St Mark’s Street, before the junction with High Street, will be closed eastbound-only for eight weeks to allow for the build of a new 120-beds student flats complex.
JR Pickstock Ltd and Elements Europe, both members of The Pickstock Group, are building the 50 student flats on land between the St Mark’s Church Hall (housing the RSPCA) and the Eskimoo milkshake shop.
The former Bacon Factory, which once stood in the gap, was demolished in 2010 and received planning permission for a seven-storey building in August 2012.
The complex will be built using the modular Roompod building system and will require a crane on the closed side of the road to put the pods in place.
The road will be closed for eight weeks starting May 28 from Rope Walk through to St Mark’s Street at the junction with High Street. Eastbound traffic is redirected via Brayford Wharf East.
The road closure should be in place throughout the working week only, with some Saturday work, and no Sunday closures in place.
Modular student flats
The six and seventh floor of the new complex will be placed further back in the building, while the ground floor will house a coffee shop, with services such as plant room and bin storage at the rear of the building.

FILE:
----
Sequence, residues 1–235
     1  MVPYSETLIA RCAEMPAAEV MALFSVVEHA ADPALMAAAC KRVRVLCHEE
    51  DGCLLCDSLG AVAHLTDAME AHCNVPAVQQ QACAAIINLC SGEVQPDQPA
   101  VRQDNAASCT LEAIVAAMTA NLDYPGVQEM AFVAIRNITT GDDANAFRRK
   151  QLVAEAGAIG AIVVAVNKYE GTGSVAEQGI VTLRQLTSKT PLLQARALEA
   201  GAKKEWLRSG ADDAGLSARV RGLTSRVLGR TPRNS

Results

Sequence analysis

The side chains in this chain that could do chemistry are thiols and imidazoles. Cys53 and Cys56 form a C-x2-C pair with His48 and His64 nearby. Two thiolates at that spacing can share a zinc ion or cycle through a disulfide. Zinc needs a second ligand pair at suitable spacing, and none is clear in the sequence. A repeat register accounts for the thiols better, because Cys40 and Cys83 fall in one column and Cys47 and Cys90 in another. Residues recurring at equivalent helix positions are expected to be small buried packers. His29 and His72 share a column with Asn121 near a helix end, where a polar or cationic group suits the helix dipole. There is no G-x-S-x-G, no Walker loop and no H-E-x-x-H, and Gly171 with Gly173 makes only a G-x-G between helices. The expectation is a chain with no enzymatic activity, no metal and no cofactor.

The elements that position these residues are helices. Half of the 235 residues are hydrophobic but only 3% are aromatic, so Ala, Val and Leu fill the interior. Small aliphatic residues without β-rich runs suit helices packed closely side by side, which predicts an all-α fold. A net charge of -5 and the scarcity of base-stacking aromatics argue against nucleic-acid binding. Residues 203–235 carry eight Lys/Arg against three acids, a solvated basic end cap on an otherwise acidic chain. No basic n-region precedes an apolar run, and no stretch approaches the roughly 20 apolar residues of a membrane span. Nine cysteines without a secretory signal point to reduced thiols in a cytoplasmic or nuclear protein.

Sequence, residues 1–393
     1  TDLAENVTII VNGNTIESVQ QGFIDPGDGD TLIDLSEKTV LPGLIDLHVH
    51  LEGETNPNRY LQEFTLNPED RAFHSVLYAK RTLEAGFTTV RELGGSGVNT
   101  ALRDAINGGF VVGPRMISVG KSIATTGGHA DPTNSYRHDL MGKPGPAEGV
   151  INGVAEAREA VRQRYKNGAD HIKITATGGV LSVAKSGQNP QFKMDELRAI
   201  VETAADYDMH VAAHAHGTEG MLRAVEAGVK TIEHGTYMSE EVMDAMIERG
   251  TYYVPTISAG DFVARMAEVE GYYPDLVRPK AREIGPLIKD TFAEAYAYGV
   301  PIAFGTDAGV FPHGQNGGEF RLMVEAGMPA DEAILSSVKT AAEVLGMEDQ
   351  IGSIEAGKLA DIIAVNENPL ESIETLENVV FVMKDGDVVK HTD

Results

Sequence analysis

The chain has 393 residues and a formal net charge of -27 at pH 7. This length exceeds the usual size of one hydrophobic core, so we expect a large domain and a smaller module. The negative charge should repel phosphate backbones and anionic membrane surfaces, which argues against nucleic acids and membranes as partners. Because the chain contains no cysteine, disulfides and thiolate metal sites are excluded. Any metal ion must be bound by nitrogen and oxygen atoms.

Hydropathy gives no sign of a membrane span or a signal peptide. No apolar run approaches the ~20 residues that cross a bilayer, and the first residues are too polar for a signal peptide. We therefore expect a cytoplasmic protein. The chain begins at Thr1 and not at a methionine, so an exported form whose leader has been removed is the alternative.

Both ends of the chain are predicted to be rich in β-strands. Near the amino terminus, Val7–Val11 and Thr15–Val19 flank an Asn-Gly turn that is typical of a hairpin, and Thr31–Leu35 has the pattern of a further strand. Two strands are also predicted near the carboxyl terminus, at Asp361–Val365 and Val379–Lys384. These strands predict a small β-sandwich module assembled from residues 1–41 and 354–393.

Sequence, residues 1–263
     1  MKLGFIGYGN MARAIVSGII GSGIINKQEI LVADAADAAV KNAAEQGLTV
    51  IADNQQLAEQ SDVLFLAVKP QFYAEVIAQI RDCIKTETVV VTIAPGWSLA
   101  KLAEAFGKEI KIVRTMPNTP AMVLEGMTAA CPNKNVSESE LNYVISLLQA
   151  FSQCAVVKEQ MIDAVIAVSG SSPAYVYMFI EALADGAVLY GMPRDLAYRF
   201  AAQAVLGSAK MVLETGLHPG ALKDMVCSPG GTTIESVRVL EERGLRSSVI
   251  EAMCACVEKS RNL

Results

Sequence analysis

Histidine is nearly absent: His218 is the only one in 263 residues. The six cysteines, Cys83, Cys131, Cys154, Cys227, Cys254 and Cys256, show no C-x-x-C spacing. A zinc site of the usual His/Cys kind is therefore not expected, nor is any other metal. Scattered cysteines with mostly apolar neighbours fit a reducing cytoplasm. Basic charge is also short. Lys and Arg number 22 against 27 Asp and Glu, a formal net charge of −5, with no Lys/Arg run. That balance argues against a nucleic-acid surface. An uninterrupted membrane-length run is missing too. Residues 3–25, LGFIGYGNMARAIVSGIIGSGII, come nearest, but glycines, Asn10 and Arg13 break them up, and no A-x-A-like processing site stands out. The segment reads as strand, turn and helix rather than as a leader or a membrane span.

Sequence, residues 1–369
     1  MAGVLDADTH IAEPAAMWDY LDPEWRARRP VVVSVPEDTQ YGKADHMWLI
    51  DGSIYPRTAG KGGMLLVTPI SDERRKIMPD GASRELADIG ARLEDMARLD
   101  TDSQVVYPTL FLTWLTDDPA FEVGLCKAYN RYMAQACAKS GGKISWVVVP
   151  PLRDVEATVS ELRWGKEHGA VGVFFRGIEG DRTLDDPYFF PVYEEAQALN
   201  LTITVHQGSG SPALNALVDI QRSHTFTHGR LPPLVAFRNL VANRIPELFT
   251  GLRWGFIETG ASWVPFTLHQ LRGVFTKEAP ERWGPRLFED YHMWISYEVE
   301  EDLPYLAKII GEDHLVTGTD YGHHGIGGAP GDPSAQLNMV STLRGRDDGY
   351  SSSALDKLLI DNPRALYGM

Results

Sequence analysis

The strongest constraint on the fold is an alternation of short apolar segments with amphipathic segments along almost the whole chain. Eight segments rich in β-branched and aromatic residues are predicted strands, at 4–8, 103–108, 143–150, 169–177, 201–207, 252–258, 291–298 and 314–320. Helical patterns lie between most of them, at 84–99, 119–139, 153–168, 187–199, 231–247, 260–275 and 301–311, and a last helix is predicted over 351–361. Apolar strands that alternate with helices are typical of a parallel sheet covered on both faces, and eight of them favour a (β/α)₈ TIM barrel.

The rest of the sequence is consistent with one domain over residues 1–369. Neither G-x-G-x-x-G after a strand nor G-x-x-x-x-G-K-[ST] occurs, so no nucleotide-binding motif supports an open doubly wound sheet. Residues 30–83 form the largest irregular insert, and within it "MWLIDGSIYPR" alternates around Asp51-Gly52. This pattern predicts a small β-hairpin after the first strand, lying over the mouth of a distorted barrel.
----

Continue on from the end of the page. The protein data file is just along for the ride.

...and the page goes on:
The building will extend over the unit currently occupied by Eskimoo, while the RSPCA church building will remain intact, flush with the new flats.
The pavement in front of the building will also allow for the road to be widened at a later stage on completion of the East West Link Road proposal.
The new student development will see 120 student rooms, with studio apartments, cluster rooms and ‘buddy rooms’.
By using a fully volumetric modular design and only assembling the rooms on site, it’s expected the building work will take 24 weeks, with completion set ahead of the new academic year.
Kevin Arthur, Sales Director at Elements Europe, said: “Modular construction is the way forward for student accommodation. The build will be complete within just 24 weeks enabling the accommodation to cater for the September intake of students — this would simply not be possible with traditional construction methods.”